Like everyone who grew up in London, I am well aware of Hitler’s obsession with Veltungswaffe (reprisal weapons). I grew up in a neighborhood that was pocked-marked with great big holes, the rows of houses interrupted by patches of overgrown wasteground; sometimes still with bits of shattered brickwork jutting up out of the ground. Many of them were relics of the 1940–41 ‘Blitz’, the work of incendiary bombs for the most part, but others were made later in the war by the ‘doodlebugs’ (V-1 – we British always give cute names to terrifying things) and V-2s.
I Was There4 November 2014
This account comes from the memoirs of Helmut Ritgen, who was the Regimental Adjutant of Panzer Regiment 11, part of the 6th Panzer Division. Seated in his command tank on the night of 19 December 1942, he witnessed how strangely anticlimactic even an important victory can be. Operating well in advance of the main force, the biggest threat to the success of his unit’s mission was getting lost and running out of fuel in the featureless landscape of the Kuban Steppe. The poorly trained raw recruits of the Soviet 51st Army had probably never seen a German tank before, and so let them pass unharmed.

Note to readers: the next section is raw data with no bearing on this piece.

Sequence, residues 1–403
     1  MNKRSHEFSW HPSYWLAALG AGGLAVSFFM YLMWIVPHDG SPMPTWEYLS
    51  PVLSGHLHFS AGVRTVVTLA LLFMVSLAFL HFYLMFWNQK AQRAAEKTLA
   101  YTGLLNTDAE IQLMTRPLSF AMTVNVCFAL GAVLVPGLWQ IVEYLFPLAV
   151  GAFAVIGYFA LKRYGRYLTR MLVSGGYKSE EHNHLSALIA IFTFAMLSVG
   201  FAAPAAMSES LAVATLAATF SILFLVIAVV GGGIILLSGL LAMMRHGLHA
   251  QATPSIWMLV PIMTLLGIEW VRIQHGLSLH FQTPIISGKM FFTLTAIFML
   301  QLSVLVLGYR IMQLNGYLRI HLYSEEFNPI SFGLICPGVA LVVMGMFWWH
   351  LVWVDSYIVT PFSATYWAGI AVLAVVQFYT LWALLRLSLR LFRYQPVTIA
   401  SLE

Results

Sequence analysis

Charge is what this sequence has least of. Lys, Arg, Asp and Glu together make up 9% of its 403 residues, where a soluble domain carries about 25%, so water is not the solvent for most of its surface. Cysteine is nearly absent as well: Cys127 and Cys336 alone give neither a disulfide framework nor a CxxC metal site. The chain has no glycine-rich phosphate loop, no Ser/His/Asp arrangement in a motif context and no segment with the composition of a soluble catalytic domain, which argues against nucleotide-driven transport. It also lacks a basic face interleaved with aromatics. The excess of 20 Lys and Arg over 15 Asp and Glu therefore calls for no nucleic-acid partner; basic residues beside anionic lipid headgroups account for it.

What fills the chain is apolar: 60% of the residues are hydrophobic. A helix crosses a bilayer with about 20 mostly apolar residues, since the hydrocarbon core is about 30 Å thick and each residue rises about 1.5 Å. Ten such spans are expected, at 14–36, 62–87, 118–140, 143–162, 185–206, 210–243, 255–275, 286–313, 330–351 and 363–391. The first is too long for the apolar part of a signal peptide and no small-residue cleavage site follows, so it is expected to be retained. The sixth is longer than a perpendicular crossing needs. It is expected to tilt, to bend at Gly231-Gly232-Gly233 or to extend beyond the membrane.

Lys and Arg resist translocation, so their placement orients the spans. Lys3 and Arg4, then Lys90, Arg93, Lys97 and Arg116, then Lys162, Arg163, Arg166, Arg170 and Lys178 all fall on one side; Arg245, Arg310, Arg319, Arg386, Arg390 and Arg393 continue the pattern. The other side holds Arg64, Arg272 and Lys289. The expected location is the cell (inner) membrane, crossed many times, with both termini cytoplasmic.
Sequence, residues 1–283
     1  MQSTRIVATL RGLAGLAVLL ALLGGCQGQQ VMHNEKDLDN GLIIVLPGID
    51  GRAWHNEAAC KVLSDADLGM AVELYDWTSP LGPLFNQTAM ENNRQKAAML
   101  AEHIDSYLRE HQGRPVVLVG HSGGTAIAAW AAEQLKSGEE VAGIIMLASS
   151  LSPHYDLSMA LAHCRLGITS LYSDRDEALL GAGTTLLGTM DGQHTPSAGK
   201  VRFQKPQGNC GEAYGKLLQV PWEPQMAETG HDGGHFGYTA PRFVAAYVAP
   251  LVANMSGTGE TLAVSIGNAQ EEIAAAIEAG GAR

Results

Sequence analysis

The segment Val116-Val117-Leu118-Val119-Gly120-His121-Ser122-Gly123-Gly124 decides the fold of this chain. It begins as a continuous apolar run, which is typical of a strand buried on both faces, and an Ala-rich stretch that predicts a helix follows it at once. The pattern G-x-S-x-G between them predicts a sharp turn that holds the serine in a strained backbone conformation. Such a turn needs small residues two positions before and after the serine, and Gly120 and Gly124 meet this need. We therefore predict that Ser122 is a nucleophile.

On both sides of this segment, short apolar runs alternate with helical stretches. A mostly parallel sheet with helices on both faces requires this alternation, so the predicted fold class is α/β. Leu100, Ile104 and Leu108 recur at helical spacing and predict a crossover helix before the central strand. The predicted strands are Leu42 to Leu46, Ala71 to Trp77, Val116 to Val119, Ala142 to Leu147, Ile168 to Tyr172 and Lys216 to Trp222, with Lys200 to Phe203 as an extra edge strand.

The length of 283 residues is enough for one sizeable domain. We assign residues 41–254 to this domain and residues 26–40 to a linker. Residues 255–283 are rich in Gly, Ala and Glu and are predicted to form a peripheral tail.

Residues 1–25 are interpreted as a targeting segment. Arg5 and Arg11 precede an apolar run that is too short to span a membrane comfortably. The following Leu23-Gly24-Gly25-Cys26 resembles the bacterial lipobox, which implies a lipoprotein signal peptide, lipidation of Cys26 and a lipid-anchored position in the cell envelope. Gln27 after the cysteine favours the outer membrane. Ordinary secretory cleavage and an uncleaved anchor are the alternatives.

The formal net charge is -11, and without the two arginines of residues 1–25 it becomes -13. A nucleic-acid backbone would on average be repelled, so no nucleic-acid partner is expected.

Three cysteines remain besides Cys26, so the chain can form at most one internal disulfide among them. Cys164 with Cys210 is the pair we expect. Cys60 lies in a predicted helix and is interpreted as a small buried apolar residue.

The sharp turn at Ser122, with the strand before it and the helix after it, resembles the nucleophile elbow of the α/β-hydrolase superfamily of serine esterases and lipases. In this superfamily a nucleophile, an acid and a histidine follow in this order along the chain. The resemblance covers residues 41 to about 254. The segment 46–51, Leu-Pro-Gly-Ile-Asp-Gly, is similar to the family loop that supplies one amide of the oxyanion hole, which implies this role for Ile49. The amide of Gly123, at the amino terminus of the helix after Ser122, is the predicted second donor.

Wehrmacht In Action4 November 2014
Seventy-three years ago this month, the men of Gunther von Kulge’s Army Group Center were huddled in mud-filled foxholes or idling the engines of their vehicles in the fields around Mozhaisk, Kallinin, and Serpukhov. A mile or two to the east, across the Nara River, the Red Army was assembling one last defensive position along a line of rolling hills less than 50km (30 miles) from Moscow.